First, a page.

1983: Yashica Dental-Eye Mark I
Dentists and opticians once used cameras like this for extreme close-ups of patients’ teeth and eyes. It’s a 35mm single lens reflex based on the Yashica FX-3 body but with an unusual lens surrounded by a ring flash. The shutter speed is fixed at 1/125 second; the lens is a 55mm f/4. There is no focusing scale but, as you turn what looks like a big, wide focusing ring, you are actually adjusting the magnification from 1:1, which records objects on film life-size, in 13 increments out to 1:10
Having chosen the degree of magnification needed for the subject, the camera is moved backwards and forwards to focus. A small bulb situated above the lens can be turned on to aid focusing. The film speed is set on a dial on the top plate. Flash output remains constant, but to maintain correct exposure, the aperture automatically closes down as the magnification is increased, and therefore the camera-to-subject distance is decreased. This method of setting smaller apertures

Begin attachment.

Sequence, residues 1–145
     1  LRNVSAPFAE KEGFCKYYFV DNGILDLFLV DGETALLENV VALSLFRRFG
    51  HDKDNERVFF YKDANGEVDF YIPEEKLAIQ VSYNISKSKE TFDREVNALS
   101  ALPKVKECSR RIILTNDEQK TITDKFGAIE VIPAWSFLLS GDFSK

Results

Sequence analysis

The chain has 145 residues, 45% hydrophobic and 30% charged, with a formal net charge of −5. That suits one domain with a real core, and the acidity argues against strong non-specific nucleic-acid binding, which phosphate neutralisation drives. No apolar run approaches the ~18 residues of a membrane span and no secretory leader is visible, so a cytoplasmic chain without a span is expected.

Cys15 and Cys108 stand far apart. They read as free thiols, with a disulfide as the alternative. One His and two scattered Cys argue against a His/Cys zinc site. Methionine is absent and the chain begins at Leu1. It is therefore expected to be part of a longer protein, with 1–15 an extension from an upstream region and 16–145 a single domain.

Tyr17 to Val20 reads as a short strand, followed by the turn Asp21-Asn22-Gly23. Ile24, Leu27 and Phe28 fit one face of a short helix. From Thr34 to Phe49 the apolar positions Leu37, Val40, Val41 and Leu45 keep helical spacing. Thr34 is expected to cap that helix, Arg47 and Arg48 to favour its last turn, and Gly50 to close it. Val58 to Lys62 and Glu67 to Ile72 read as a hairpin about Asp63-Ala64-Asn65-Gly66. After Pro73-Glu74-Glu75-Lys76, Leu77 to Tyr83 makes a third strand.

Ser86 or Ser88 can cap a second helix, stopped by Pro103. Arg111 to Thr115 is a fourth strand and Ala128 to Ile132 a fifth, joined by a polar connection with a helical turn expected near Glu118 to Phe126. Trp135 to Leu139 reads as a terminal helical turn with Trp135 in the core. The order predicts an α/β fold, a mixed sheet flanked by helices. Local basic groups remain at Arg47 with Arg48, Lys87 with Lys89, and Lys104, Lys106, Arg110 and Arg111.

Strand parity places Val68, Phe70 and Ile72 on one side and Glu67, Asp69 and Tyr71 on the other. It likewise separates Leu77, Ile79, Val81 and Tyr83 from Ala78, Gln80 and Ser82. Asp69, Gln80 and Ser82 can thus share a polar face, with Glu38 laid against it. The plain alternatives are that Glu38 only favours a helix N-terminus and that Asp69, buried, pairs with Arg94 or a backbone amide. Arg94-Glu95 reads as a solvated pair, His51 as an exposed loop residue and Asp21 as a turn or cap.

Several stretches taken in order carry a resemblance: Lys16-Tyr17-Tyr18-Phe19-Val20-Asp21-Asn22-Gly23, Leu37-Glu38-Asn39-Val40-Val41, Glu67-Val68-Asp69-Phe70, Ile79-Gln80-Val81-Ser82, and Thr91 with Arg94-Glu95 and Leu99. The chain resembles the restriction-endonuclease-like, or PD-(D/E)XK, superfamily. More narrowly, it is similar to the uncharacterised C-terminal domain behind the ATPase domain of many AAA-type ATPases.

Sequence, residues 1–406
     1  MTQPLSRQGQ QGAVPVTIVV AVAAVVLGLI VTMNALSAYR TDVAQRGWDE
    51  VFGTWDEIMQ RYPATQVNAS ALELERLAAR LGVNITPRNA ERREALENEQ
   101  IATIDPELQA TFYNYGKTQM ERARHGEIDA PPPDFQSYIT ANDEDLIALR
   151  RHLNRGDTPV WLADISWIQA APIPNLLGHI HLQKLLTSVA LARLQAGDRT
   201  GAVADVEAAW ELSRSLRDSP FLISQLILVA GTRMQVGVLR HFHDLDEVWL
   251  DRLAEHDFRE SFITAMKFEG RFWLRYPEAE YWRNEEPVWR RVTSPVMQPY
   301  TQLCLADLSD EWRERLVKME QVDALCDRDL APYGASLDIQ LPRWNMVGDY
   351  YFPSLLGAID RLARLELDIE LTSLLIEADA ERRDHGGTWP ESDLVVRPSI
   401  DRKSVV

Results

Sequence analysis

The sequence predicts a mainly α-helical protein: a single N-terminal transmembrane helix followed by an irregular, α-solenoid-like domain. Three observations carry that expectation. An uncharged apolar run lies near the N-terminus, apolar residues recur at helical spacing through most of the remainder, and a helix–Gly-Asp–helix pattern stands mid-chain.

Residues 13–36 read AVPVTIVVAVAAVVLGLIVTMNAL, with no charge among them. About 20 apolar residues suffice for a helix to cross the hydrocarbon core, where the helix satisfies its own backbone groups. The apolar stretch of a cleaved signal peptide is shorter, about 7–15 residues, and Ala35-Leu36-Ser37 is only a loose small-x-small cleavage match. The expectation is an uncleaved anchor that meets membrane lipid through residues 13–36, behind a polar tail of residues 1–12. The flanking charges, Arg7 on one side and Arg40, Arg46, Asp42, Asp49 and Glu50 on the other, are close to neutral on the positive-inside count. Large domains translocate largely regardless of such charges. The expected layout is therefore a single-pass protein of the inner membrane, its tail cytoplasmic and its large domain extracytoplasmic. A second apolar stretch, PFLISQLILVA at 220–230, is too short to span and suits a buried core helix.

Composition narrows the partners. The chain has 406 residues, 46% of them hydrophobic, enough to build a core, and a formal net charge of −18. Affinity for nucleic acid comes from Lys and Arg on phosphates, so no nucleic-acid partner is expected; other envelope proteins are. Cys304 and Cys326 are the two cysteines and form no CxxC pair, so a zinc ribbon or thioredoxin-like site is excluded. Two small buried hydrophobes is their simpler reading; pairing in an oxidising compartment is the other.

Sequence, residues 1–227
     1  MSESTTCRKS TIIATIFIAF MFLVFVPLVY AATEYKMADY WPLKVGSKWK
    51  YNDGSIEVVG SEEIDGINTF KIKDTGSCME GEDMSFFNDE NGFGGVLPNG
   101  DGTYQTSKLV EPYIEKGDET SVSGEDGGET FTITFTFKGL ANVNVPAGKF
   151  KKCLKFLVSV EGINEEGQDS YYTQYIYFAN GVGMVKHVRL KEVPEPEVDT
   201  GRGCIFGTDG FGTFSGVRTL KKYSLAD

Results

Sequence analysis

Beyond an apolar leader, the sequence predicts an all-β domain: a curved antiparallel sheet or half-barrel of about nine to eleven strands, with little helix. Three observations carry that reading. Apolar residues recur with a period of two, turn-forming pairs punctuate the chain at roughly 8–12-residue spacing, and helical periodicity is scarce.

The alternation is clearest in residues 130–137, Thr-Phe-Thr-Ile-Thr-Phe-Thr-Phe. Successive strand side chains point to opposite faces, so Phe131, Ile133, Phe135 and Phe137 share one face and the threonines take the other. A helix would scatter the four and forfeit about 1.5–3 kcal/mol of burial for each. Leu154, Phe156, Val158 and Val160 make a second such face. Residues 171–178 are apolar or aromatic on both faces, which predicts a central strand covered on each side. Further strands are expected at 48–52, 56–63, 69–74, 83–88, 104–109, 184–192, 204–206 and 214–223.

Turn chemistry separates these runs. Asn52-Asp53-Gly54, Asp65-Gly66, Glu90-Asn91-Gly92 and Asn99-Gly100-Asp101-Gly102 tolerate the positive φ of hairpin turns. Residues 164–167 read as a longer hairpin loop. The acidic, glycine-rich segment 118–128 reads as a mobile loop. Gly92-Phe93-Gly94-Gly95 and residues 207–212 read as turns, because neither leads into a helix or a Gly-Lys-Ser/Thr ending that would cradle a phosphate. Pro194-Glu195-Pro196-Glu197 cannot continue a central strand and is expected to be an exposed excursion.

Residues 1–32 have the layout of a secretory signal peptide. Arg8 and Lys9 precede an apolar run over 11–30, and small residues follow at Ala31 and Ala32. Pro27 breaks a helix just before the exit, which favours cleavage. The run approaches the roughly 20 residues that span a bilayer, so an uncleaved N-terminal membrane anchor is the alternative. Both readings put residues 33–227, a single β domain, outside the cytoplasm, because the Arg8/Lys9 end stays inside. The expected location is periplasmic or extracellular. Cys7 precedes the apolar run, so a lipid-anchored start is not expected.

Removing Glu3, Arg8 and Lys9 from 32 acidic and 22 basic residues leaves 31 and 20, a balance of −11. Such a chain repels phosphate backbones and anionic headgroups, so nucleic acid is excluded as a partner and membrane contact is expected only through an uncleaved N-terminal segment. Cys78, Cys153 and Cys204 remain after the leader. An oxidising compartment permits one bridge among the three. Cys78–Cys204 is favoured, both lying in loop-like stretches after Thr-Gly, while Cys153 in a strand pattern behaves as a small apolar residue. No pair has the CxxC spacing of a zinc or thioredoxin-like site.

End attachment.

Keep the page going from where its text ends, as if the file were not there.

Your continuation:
at closer focusing distances also compensates for changes in depth of field.
The shutter is mechanical; the flash and bulb are powered by four AA batteries in what looks like – but isn’t – a motor drive on the base. Yashica later released Mark II and Mark III versions, both with 100mm lenses, which meant the camera-to-patient distance could be increased while retaining the 1:1 focusing. The Mark III had a built-in motor drive.
Above: The Yashica Dental-Eye SLR with its built-in ringflash.
Below left: The camera from above, showing the magnification scale.
Below right: Dandelion seed, photographed at 1:1 magnification with the Yashica Dental-Eye camera.